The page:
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Wednesday, July 25, 2007Bad Gods
The sea contains untold numbers of strange and bizarre creatures. It is said that we know more about our own solar system than we know about our oceans.
Indeed, some creatures of the sea can seem more alien than anything you can imagine.
But even worse, some of them can seem more frightening than your worst nightmare.
Below we have collected pictures of 24 CREATURES FROM THE DEEP!
Chimaeras are cartilaginous fish related to the sharks and rays, and are sometimes called ghost sharks or rabbitfishes. For defense, most chimaeras have a venomous spine located in front of the dorsal fin.
See all at:http://www.who-sucks.com/animals/real-life-sea-monsters-24-bizarre-creatures-of-the-deep
Monday, the Boston Globe ran an editorial that I found very irritating. The writer, Jeff Jacoby, points out that perhaps the greatest scientific mind of all time, Isaac Newton, was not only very religious, but was a young-Earth creationist. For Jacoby, this shows that science and religion can work hand in hand:
For Newton, it was axiomatic that religious inquiry and scientific investigation complemented each other. There were truths to be found in both of the “books” authored by God, the Book of Scripture and the Book of Nature — or as Francis Bacon called them, the “book of God’s word” and the “book of God’s works.” To study the world empirically did not mean abandoning religious faith. On the contrary: The more deeply the workings of Creation were understood, the closer one might come to the Creator. In the language of the 19th Psalm, “The heavens declare the glory of God, and the sky above proclaims his handiwork.”
Jacoby also has some fun with the idea that Newton today would never get a position at a University, let alone Cambridge, and in fact Jacoby spends much of his editorial on that subject:
When Genesis 1:1 says “In the beginning,” [Newton] determined, it means 3988 BC.
Not many modern universities are prepared to employ a science professor who espouses not merely “intelligent design” but out-and-out divine creation.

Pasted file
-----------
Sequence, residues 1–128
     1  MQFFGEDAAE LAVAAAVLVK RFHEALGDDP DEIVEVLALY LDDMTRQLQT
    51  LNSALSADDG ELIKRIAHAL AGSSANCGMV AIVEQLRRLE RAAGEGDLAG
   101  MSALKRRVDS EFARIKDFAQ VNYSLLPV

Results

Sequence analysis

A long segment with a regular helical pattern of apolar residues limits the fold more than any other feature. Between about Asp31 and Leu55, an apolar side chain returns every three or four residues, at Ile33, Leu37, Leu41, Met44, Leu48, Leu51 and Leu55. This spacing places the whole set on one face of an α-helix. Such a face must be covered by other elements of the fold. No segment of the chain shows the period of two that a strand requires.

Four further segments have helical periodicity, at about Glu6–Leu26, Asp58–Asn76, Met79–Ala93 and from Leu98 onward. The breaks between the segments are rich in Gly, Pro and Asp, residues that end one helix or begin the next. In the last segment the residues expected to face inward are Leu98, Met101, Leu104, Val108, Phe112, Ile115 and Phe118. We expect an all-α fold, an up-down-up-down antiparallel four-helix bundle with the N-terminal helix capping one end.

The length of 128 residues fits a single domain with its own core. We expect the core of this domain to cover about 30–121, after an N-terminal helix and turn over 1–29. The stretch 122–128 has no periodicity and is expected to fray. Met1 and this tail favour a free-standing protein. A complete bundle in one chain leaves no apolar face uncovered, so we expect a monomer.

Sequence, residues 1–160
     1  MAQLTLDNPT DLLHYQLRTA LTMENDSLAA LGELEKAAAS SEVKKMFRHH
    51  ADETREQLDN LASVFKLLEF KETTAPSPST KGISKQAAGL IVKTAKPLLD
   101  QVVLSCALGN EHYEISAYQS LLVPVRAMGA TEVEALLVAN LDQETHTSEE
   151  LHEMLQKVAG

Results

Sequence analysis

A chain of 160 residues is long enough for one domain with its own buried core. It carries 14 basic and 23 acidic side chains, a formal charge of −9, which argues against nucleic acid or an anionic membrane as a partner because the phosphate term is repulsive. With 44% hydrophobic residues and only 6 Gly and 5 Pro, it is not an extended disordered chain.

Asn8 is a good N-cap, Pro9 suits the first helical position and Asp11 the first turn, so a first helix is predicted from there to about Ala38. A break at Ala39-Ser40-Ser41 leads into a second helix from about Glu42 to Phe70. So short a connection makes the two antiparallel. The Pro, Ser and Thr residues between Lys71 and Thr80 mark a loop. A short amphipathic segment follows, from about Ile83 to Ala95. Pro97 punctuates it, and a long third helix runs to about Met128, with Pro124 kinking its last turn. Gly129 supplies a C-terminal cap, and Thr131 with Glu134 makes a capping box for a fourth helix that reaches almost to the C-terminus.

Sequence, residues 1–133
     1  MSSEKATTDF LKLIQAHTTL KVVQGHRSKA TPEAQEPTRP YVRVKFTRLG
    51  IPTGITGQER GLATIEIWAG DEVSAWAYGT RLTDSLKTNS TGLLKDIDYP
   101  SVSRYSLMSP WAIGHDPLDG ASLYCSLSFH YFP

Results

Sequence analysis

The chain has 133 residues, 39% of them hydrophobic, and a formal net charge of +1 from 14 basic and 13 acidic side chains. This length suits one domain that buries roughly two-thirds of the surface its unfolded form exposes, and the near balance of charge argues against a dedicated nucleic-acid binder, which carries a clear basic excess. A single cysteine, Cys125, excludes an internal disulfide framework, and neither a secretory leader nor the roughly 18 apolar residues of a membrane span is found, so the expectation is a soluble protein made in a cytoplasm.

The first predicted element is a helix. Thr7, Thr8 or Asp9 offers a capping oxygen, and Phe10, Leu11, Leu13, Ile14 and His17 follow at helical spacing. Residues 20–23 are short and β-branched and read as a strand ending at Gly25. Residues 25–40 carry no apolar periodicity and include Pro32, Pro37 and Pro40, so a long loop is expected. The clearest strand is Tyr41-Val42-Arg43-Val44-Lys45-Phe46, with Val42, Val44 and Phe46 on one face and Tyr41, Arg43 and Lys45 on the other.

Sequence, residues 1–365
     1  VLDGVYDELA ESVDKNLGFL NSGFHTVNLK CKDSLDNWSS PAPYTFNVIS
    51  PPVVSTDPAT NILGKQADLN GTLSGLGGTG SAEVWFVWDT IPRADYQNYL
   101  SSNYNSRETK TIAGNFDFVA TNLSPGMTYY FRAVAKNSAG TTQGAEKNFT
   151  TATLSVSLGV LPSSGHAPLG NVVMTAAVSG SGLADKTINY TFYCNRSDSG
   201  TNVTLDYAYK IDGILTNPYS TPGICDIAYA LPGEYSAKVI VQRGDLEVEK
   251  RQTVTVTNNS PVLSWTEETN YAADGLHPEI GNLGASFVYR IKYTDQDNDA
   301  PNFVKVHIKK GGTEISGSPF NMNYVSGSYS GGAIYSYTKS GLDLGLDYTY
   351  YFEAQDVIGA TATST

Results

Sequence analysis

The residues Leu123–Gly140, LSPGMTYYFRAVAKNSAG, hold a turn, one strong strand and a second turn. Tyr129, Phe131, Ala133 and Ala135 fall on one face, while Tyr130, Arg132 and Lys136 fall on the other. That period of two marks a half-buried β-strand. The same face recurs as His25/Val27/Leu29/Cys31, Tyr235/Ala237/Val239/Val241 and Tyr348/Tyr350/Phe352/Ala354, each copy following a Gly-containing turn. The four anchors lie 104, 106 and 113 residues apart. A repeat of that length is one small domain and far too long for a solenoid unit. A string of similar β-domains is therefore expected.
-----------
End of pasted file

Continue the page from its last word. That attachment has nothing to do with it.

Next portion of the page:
I call shenanigans.
Let me be clear: I am not saying that some aspects of religion and science cannot get along. But pointing out that Newton was a creationist is a total non-sequitor, and Jacoby’s conflating it with modern Universities just accentuates his error.
Newton was indeed one of if not the finest mind of his time… but he was of his time. You can’t simply pluck Newton out of the historical timeline and then mock Universities today for not accepting someone of his beliefs. You have to take this to its logical conclusion: if Newton were born today (or, let’s say, 30 years ago so he would be applying for tenure now), he wouldn’t be a young Earth creationist in the first place.
In Newton’s time, the largest telescopes were the ones he himself built. The sciences of geology, biology, astronomy, and anthropology were in their youth; at that time, the very foundations of the sciences were being (pardon the word) created, but the details, ah the details were lacking.
Consider: When Newton lived, Uranus and Neptune had not yet been discovered. Neither had any asteroids. The nature of the Milky Way Galaxy was almost totally unknown; they lacked the instruments and mathematics necessary to understand much of what they saw (math, incidentally, that Newton invented). They couldn’t possibly have known the terrible age of the Earth, how the continents moved. The discovery of radioactivity was 150 years in the future when Newton lay dying, and its use as a clock for geologic eras was still more years later.